Sheldon Adelson Shakes Up Israeli Newspaper Market Two of Israel's oldest newspapers are having a tough time competing financially with one that was established by U.S. casino mogul Sheldon Adelson and is being given away free of charge. Adelson is a strong supporter of Prime Minister Benjamin Netanyahu, and the paper is nicknamed the "Bibi Press."

Sheldon Adelson Shakes Up Israeli Newspaper Market

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This is MORNING EDITION, from NPR News. Good morning. I'm David Greene.


And I'm Renee Montagne.

Israel's newsstands are looking noticeably less varied these days, as a crisis in the Israeli press threatens several of the country's oldest publications. And that has a lot to do with the arrival of one free newspaper, a newspaper owned by a billionaire American casino owner famous for supporting right-wing causes in both Israel and the U.S. Sheera Frenkel has more.

SHEERA FRENKEL, BYLINE: Outside the Tel Aviv offices of Maariv newspaper, dozens of journalists are on strike.

UNIDENTIFIED GROUP: (Chanting in foreign language)

FRENKEL: They're calling on Israeli Prime Minister Benjamin Netanyahu to wake up and realize he is destroying Israel's free press.

MATAN DRORI: Maariv is fighting for its life, like many other newspapers around the world. But there are some special circumstances in this country.

FRENKEL: That's Matan Drori, the foreign editor of Maariv. In a matter of weeks, the entire news organization - one of Israel's oldest - could be shut down or auctioned off to the highest bidder. It's not the only newspaper in Israel facing financial woes, but it may be the first to capitulate to them. Drori says all the problems in Israel's news industry can be traced back to one man.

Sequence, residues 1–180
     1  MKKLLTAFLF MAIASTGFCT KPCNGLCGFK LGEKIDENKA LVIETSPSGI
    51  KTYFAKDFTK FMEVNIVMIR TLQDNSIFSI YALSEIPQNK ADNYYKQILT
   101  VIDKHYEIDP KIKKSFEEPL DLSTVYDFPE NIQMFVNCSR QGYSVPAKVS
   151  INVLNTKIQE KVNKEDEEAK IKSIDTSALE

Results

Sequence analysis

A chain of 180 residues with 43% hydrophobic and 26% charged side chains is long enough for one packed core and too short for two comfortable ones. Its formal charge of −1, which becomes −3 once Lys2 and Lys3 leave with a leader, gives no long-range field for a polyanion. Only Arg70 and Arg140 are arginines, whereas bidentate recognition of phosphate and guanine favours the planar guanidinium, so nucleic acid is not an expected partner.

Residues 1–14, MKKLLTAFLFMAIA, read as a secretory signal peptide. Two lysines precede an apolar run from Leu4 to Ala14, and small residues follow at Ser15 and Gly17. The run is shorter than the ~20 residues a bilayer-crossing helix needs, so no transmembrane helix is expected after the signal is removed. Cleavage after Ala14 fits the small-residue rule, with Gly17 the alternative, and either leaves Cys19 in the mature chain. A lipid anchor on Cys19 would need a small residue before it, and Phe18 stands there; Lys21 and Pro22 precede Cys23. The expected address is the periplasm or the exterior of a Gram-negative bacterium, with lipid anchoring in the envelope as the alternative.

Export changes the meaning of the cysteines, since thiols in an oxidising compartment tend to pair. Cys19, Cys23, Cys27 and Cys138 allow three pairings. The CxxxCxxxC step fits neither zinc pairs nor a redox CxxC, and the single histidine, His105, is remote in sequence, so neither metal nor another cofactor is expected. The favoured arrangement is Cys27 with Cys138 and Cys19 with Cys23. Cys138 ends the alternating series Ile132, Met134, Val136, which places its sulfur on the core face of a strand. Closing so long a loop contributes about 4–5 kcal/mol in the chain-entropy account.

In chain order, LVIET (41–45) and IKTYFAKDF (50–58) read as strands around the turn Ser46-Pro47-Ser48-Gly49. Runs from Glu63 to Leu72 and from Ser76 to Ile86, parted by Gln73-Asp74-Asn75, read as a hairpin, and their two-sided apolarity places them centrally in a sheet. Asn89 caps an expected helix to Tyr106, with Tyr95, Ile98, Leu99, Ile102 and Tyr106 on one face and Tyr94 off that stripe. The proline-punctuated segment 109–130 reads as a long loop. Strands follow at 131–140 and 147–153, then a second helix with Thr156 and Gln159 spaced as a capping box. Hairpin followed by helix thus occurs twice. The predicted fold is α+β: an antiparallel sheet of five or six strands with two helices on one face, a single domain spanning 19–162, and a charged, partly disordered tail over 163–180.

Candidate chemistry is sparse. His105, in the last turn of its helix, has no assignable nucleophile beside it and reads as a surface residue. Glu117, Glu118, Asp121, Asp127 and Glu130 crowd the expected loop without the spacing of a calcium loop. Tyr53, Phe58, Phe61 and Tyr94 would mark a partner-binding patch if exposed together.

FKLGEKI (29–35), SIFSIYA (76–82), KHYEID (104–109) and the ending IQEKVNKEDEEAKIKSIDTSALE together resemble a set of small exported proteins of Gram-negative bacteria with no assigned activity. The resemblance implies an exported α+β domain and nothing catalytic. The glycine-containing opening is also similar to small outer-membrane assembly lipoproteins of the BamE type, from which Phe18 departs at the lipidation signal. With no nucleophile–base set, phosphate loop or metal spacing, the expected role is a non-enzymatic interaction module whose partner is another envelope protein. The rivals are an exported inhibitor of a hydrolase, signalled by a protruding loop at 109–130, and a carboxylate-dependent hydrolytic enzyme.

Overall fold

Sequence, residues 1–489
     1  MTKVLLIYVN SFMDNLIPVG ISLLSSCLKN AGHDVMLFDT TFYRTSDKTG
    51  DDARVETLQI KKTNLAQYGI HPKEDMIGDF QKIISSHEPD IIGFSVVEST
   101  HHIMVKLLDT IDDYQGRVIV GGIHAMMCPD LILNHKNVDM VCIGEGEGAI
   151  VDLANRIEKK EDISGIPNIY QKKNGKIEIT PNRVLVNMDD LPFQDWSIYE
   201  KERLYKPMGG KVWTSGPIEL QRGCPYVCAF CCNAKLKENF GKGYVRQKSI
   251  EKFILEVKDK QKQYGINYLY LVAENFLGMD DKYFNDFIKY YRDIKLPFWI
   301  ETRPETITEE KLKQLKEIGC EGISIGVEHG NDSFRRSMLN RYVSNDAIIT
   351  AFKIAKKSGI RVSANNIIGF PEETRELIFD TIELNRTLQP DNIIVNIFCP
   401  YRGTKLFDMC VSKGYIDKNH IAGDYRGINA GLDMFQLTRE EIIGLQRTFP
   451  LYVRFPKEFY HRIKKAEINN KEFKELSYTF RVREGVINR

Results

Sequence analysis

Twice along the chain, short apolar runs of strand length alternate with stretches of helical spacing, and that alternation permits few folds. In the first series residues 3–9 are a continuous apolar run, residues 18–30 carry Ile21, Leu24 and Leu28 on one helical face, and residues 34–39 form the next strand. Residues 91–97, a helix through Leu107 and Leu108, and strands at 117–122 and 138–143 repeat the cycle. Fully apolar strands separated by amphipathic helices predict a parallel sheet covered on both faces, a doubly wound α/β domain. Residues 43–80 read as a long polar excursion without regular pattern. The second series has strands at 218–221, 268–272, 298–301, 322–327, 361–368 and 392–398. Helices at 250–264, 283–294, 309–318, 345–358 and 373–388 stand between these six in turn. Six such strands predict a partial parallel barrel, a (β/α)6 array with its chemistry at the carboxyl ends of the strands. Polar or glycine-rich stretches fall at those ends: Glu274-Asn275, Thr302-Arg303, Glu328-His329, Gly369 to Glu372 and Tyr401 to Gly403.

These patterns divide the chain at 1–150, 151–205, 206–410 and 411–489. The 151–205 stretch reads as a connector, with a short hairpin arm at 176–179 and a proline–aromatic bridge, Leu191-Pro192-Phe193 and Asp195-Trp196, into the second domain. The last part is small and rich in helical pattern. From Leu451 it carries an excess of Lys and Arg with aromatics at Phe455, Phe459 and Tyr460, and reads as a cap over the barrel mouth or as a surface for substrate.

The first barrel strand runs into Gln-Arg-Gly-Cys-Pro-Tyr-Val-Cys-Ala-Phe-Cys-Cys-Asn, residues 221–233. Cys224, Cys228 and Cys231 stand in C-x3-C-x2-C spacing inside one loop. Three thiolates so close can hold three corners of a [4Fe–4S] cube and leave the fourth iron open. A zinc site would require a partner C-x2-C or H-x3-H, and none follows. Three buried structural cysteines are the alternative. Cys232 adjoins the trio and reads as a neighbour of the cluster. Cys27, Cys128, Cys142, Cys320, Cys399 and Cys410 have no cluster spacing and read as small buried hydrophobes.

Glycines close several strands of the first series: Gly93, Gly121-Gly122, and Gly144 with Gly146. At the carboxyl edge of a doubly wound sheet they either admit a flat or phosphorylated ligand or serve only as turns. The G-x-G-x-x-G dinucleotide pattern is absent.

DRORI: The main problem would be Sheldon Adelson, the casino mogul from Las Vegas. He launched a newspaper a couple of years ago, a free newspaper called Israel Hayom, which translates to Israel Today.

FRENKEL: The paper is handed out for free along bus routes and metro lines. It's also placed, free of charge, in front of many buildings and homes across Israel. Since it launched in 2007, it has taken over nearly 40 percent of the market. Drori says it's a fierce competitor.

DRORI: It's a quality newspaper that does match with our content. In addition to that, he lowered the advertisement prices, which basically crashed the market. So Maariv and Haaretz, which is also a very prominent newspaper in Israel, are suffering severely, along with other media outlets.

FRENKEL: Earlier this month, Israel's only broadsheet left-wing daily, Haaretz, announced it wouldn't publish a newspaper for the first time in three decades. Maariv is currently being run by a court-appointed trustee who's been ordered to keep the paper afloat for several weeks until a decision is made on its future.

Didi Remez, a left-wing activist, says that in addition to flooding the market with a free, competitive alternative, Israel Hayom has managed to change the political landscape of the press here.

DIDI REMEZ: The big difference is the concept of objective reporting. I mean, newspapers have agendas, and those agendas are very, very clear in the news pages.

FRENKEL: In the U.S., Adelson's support for Republican presidential nominee Mitt Romney is well known. Earlier this year, he vowed to spend $100 million to help defeat President Barack Obama. In Israel, Adelson is a well-known advocate and supporter of Prime Minister Netanyahu.

REMEZ: Newspaper, in Hebrew, is iton. OK? And Netanyahu's nickname is Bibi. And so for a while now, Israel Hayom has been called - Adelson's Israel Hayom has been called the Bibi Iton, meaning the Netanyahu paper.

FRENKEL: Remez points to several examples of what he says is the close relationship between Israel Hayom and Netanyahu's office. According to a report in the Haaretz newspaper, a senior columnist at Israel Hayom receives an additional salary from the prime minister's office. And Netanyahu adviser Nathan Eshel left his job in the prime minister's office to work at Israel Hayom during its launch, only to rejoin Netanyahu's staff last year. A spokesperson for Israel Hayom refused to speak to NPR or to answer questions about the paper's ties to Adelson and Netanyahu.

Earlier this week, Netanyahu announced that he was calling early elections, sending Israel and its press into a frenzy of polling data and predictions about the next Israeli government. Perech Malka, a 43-year-old secretary from Tel Aviv, had just started her commute when she picked up a copy of Israel Hayom to learn that Netanyahu is way ahead in the polls.

PERECH MALKA: (Foreign language spoken)

FRENKEL: She says she knows it's Netanyahu's paper. And now that it's election season, she says, it will be the complete Bibi edition.

For NPR News, I'm Sheera Frenkel.

MONTAGNE: And NPR's Peter Kenyon contributed to that report.

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